IN RE: Patrick RAWSON, Petitioner, v. Thomas P. DiNAPOLI, as State Comptroller, et al., Respondents.
Proceeding pursuant to CPLR article 78 (transferred to this Court by order of the Supreme Court, entered in Albany County) to review a determination of respondent Comptroller denying petitioner's application for accidental and performance of duty disability retirement benefits.
Petitioner was employed as a police officer for the City of Watertown Police Department. On March 19, 2009, he was struck under the jaw by a suspect he was escorting to the emergency room and his head was suddenly thrust backwards. As a result, he was diagnosed with a concussion and experienced neck pain, persistent headaches, vision difficulties, memory loss and various other related ailments. He was out of work until September 2009 when he returned to light duty. In July 2010, after he returned to regular duty, he responded to a call involving a bar fight. He had no recollection of the event for seven or eight hours, experienced an exacerbation or recurrence of his prior symptoms and stopped working completely. Petitioner, through the City's Chief of Police, subsequently filed applications for accidental and performance of duty disability retirement benefits. These applications were denied. Following a hearing, a Hearing Officer upheld the denials, finding that petitioner was not permanently incapacitated from performing his duties as a result of the March 19, 2009 incident. Respondent Comptroller agreed and this CPLR article 78 proceeding ensued.
Initially, it is well settled that an applicant for accidental and performance of duty disability retirement benefits bears the burden of demonstrating that he or she is permanently incapacitated from performing his or her job duties (see Matter of Del Peschio v.. DiNapoli, 139 AD3d 1298, 1299 ; Matter of Guadagnolo v. DiNapoli, 128 AD3d 1246, 1247  ). Moreover, where medical experts provide conflicting opinions on the issue of permanent incapacity, the Comptroller is vested with the authority to credit the opinion of one expert over the other, provided that the credited expert “articulates a rational and fact-based opinion founded upon a physical examination and review of pertinent medical records” (Matter of Mulvaney v. DiNapoli, 92 AD3d 1021, 1021 ; see Matter of Cantelmo v. New York State Comptroller, 105 AD3d 1306, 1307–1308  ).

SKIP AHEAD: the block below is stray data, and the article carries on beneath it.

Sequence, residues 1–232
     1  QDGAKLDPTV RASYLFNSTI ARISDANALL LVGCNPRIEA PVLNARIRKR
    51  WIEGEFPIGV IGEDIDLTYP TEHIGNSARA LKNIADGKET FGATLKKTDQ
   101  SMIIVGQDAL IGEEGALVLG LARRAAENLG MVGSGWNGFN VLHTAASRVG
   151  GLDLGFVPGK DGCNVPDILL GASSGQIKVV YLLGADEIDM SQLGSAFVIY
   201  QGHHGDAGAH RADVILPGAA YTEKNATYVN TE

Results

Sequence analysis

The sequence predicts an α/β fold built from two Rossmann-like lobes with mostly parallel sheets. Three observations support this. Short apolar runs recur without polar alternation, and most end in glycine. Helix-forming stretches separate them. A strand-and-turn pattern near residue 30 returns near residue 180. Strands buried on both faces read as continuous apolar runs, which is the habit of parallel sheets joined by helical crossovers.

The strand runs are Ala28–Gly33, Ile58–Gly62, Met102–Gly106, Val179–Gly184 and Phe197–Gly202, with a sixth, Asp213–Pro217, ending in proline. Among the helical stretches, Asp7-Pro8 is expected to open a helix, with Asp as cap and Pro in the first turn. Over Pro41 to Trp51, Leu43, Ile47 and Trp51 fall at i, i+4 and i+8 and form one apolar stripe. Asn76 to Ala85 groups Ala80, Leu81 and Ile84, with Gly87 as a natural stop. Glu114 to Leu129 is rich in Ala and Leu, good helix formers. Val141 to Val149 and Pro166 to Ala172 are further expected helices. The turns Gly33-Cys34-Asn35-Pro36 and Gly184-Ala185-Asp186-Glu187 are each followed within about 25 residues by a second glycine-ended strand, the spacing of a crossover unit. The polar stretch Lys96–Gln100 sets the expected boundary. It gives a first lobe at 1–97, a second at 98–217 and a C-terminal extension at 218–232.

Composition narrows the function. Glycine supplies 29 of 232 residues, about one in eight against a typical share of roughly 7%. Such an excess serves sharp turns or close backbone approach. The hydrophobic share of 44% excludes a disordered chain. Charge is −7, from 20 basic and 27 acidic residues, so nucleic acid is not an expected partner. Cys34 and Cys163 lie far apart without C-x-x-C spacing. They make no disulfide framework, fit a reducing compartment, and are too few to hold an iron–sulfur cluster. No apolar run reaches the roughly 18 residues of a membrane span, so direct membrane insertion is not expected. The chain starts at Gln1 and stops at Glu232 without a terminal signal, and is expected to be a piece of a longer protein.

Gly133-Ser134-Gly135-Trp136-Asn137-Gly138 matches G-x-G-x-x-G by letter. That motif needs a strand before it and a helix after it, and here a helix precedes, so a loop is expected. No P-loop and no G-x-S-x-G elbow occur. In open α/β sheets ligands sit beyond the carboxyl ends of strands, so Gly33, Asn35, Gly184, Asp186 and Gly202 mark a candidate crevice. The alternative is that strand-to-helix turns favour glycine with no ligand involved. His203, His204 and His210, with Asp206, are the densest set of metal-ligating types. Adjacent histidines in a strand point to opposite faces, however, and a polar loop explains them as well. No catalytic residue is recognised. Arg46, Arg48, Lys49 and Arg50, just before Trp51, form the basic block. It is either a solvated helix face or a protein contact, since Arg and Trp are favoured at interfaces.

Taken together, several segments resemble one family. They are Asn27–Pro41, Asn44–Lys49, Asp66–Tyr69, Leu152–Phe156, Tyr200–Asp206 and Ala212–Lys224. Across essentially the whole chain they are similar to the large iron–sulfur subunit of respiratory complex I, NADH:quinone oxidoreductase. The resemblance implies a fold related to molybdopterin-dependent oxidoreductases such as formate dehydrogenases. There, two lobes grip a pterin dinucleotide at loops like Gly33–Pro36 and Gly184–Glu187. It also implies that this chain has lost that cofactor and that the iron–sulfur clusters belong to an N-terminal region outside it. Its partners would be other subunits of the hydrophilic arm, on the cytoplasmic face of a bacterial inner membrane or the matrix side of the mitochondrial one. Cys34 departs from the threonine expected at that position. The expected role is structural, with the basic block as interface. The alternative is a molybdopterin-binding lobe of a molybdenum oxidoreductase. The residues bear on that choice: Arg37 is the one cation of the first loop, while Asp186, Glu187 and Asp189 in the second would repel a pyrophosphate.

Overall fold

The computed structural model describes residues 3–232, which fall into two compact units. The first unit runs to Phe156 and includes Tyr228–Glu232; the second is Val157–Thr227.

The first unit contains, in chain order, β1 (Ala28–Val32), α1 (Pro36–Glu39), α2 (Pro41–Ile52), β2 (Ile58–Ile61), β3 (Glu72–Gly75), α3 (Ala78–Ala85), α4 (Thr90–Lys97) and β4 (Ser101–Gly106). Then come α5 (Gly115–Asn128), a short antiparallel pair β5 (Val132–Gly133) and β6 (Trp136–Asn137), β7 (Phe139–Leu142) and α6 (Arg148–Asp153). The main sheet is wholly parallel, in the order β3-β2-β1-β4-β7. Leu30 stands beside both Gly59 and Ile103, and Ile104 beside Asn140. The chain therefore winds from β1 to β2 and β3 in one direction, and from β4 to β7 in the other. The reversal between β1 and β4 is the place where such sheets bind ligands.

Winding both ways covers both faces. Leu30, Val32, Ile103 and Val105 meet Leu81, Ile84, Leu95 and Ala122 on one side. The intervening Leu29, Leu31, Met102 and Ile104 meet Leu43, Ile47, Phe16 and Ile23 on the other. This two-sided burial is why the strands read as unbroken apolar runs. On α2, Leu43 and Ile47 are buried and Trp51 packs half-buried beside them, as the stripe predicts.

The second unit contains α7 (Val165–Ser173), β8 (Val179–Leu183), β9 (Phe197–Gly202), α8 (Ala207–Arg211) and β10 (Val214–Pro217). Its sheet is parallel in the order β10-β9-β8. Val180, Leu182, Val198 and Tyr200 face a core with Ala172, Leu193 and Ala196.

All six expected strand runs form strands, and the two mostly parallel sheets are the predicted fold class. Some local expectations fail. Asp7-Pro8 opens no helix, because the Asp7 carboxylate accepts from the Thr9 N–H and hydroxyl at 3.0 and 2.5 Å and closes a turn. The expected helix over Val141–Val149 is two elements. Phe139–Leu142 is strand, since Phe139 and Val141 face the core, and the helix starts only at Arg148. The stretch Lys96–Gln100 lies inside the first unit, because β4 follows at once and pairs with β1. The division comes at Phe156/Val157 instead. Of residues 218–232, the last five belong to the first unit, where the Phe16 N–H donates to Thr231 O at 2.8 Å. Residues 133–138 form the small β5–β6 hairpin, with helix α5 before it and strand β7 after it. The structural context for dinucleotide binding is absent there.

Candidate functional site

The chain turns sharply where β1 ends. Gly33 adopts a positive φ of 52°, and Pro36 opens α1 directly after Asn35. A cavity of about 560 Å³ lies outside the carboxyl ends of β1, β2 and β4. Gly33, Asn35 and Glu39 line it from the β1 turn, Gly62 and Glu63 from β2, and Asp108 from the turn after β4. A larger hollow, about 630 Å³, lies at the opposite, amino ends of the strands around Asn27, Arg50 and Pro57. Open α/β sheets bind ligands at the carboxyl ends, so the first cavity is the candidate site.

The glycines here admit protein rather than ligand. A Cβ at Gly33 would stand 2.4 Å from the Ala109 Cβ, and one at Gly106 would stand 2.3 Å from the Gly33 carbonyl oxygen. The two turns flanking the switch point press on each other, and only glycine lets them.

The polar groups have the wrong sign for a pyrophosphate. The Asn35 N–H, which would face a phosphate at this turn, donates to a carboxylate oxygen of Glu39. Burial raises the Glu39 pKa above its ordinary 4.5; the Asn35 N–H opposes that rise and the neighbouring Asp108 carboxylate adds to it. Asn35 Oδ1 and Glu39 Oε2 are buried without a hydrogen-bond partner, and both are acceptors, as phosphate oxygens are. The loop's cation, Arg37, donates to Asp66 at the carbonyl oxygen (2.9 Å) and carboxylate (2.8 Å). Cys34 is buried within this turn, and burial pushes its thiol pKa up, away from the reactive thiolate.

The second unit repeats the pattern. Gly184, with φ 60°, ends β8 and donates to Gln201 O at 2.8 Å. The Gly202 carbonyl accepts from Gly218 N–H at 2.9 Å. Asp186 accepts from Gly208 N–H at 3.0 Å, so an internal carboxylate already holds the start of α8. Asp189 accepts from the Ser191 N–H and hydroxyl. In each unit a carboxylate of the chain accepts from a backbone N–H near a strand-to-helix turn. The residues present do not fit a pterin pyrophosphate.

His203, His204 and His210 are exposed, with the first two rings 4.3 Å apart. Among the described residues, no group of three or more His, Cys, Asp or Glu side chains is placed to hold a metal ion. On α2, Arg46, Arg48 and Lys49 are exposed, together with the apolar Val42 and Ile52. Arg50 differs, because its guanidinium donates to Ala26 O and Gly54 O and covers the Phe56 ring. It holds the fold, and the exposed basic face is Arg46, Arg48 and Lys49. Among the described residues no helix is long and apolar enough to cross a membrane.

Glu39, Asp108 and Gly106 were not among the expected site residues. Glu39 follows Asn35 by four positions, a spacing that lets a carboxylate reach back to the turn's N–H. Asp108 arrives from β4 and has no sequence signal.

Here, petitioner described the many medical problems he experienced following the March 19, 2009 incident, including neck pain, headaches, vision difficulties, memory loss and anxiety, which are continuing and impact his ability to perform police work. Claudine Ward, petitioner's treating physician who specializes in concussion-related injuries, testified that such symptoms are the result of post-concussion syndrome and are permanent in nature rendering petitioner incapable of performing his regular duties as a police officer. Patrick Hughes, a neurologist who conducted an independent medical examination of petitioner on behalf of respondent New York State and Local Employees' Retirement System, acknowledged that petitioner had previously exhibited symptoms indicative of post-concussion syndrome, noting that they were difficult to measure objectively and were largely based on petitioner's subjective complaints. In his view, petitioner's post-concussion syndrome had resolved by the time of his examination in April 2013, and he opined that petitioner was not permanently incapacitated from performing his duties as a police officer.
On cross-examination, however, Hughes acknowledged that petitioner complained of a number of post-concussion symptoms during his examination and he believed that petitioner was being truthful. When asked if these symptoms would preclude petitioner from performing the specific duties of a police officer, Hughes initially explained that he confined his opinion to “whether [petitioner's] neck injury and post-concussion syndrome caused by the accident of 3/19/09 resulted in a permanent disability.” Nonetheless, he subsequently confirmed that petitioner's symptoms could impede his ability to use a firearm, carry out complicated directions and perform other police-related tasks. Ultimately, Hughes agreed that petitioner suffered “an exacerbation or recurrence” of his post-concussion symptoms in July 2010, that would disable him from performing the duties of a police officer.
In our view, Hughes' inconsistent testimony on the issue of permanent incapacity and failure to account for the July 2010 incident in rendering his opinion does not constitute a rational and fact-based opinion necessary to support the finding that petitioner was not permanently incapacitated from performing his duties as a police officer. To the contrary, the record contains ample medical evidence and documentation, most significantly Ward's testimony, establishing that petitioner was permanently incapacitated by injuries sustained as a result of the March 19, 2009 incident that were later exacerbated in July 2010. Accordingly, inasmuch as we find that the Comptroller's determination is not supported by substantial evidence, it must be annulled and the matter remitted for further proceedings (see Matter of Cook v. New York State Comptroller, 135 AD3d 1117, 1119 ; Matter of King v. DiNapoli, 75 AD3d 793, 796  ).
ADJUDGED that the determination is annulled, without costs, petition granted and matter remitted to respondent Comptroller for further proceedings not inconsistent with this Court's decision.
McCARTHY, J.P., EGAN JR., DEVINE and CLARK, JJ., concur.